One of the most versatile and industrious crops known to man, hemp is reclaiming its spot in the limelight. Although it is only recently gaining traction in our post-prohibition societies, it has been apart of human culture for thousands of years. With use cases ranging from industrial lubricants to food, recyclable fabrics to healthcare, this wonder plant has the potential to disrupt a number of industries and social norms.
Humans and Hemp- Cultivation and Creation
Recent discoveries have suggested that hemp could be one of the earliest domesticated crops known to civilization. With evidence advocating its use as both medicine and a textile fiber (fabric) more than 10,000 years ago, in a geographic region spanning across Asia, Europe, and the Middle East, it’s no surprise this adaptable plant holds a place in human history.
Archaeologists have uncovered evidence of hemp fabric dating back to 8000 B.C. as well as confirmation of its use in the creation/manufacturing of the earliest forms of paper, around 150 B.C. in China. In the middle ages, it quickly became vital to the expansion of our civilization thanks to a natural resistance to saltwater decay, utilized as the primary textile to create rope, riggings, canvas, and caulking.
In fact, hemp was so vital to our survival at the time that fines were issued to any landowners in the U.K. who did not grow at least ¼ acre of the crop, which was to be repeated in the colonial establishment of the USA (circa 1600 A.D.). Fast-forward 200 years and production in Canada and North America was actually sponsored and subsidized by the government at the time, providing equipment and even financing the development of mills to ensure viable production.
Versatility is Abandoned for the Sake of Profit
Although the use of hemp is prevalent throughout history, it was forced into the shadows following prohibition in the early 20th Century. After the failings of alcohol prohibition, and a capitalist society that was only just beginning to face human rights movements, it was sadly bundled in with its psychoactive cousin and banned from human use and consumption.
Couple this with huge restrictions on its use and efficacy as an industrial material- thanks to the bankrolling of other industries such as wood paper milling and nylon- and prohibition of hemp was supported to further the ambitions of the wealthy.
Humans and Hemp- A Shifting Paradigm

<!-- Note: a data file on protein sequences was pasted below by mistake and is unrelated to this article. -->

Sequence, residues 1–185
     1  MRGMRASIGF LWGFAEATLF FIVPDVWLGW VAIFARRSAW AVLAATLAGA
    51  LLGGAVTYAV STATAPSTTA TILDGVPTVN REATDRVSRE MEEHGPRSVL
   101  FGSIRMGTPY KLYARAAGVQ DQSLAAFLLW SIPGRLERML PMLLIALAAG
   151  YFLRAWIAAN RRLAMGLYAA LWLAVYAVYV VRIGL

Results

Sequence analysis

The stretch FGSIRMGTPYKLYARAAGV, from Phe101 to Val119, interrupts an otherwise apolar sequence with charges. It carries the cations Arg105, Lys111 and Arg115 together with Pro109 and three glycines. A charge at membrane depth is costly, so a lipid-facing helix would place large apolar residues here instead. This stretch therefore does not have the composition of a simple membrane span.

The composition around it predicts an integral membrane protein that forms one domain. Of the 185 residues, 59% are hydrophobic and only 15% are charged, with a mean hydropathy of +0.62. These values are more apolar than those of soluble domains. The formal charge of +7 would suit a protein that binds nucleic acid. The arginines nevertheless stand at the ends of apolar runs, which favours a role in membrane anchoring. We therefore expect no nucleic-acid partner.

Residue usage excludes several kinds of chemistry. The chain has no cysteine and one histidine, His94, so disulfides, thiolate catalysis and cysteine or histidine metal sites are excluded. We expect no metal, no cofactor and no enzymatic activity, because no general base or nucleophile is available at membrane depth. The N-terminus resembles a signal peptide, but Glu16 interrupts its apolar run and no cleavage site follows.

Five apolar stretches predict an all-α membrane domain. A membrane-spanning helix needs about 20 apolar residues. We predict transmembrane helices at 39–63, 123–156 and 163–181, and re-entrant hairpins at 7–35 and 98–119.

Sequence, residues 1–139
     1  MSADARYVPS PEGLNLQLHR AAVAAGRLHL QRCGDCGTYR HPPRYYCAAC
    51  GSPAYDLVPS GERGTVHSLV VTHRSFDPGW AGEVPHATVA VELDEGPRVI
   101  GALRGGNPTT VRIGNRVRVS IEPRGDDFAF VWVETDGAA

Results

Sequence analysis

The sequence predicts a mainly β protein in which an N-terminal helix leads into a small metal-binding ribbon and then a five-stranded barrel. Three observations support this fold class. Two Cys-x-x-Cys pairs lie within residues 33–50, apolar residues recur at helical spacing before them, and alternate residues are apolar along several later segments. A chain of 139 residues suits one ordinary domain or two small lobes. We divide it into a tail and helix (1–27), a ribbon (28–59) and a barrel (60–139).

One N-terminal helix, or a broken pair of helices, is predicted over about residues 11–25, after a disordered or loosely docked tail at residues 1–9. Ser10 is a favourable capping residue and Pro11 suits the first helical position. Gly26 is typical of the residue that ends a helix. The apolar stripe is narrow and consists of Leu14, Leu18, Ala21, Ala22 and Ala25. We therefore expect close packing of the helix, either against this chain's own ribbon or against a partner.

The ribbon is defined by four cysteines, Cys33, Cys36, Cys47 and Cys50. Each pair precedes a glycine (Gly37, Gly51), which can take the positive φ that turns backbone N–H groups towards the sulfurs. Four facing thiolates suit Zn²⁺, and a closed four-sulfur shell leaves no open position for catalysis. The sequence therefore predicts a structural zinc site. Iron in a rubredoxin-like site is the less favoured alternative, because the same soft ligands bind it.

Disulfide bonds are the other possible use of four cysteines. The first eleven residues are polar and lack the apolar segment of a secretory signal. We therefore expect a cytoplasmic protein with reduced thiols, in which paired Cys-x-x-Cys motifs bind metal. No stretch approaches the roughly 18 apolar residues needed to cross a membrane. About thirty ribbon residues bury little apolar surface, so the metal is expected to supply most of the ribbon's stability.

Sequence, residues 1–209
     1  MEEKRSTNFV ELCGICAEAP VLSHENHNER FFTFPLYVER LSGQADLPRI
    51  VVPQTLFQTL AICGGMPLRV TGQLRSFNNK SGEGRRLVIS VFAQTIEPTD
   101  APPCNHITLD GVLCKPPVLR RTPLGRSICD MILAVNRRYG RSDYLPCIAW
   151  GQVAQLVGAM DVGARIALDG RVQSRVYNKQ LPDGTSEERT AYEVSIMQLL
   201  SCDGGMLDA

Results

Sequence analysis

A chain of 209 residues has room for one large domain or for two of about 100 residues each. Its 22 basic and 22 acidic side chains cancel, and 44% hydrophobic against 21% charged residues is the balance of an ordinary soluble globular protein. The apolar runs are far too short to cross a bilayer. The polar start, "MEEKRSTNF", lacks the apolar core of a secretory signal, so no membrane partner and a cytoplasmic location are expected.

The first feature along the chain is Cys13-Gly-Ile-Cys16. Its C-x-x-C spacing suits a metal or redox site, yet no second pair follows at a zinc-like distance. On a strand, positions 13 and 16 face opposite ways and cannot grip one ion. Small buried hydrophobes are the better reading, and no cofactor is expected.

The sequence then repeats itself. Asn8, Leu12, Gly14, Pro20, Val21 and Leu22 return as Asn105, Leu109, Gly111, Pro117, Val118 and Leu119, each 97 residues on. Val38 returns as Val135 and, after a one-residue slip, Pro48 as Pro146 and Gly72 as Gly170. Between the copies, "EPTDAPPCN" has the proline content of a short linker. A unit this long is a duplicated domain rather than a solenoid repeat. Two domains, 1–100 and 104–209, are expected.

It is only recently that the prohibition on the growth and manufacturing of hemp-based products has been lifted in the United States. Thanks to the reclassification and identification of hemp as a separate species to its psychoactive cousin, as well as the establishment of research and pilot projects through the Agricultural Act (2014), it is once again being cultivated for commercial purposes.
Moreover, the recent enactment of the Farm Bill (2018) has allowed for the standardized production of the plant for use in manufacturing, healthcare, textiles and more. This legislative easing has resulted in close to 80,000 acres being grown in the USA across 24 states, up from a meager 10,000 acres in 2016, as domestic production shows no signs of slowing down.
The adoption of hemp isn’t just apparent in the USA, however, with a number of other developed and developing nations beginning to implement their own programs. As it stands, the use of extracts for tinctures and treatments represents the largest possible market sector, whilst countries like Australia have begun to approve cultivation for food and textiles, and many African nations are considering the crop for food and as a primary export.
Although the more recent history of hemp has been plagued with misunderstandings and hidden agendas, the plant represents one of the most sustainable and usable crops available today. With more than 25,000 reported uses, it’s hardy nature, and the ability to grow in a vast range of climates, the cultivation of hemp is rapidly being adopted the world over.
About ECS Brands
ECS brands is a Colorado-based company delivering true full-spectrum hemp oils, extracts and distillates.
With a focus on whole-body health and a balanced lifestyle, ECS brands are simplifying research and education through its range of hemp-based products, targeting the body’s endocannabinoid system to help restore both neural and physical homeostasis.
Moreover, ECS brands promote entrepreneurship and product integration with a range of wholesale extracts, oils, and distillates. The company also oversees the operations of a number of hemp-based brands, including Hemp Fuel, Care By Derma, and Enlighten Hemp, to further drive the adoption of hemp-based products and holistic health.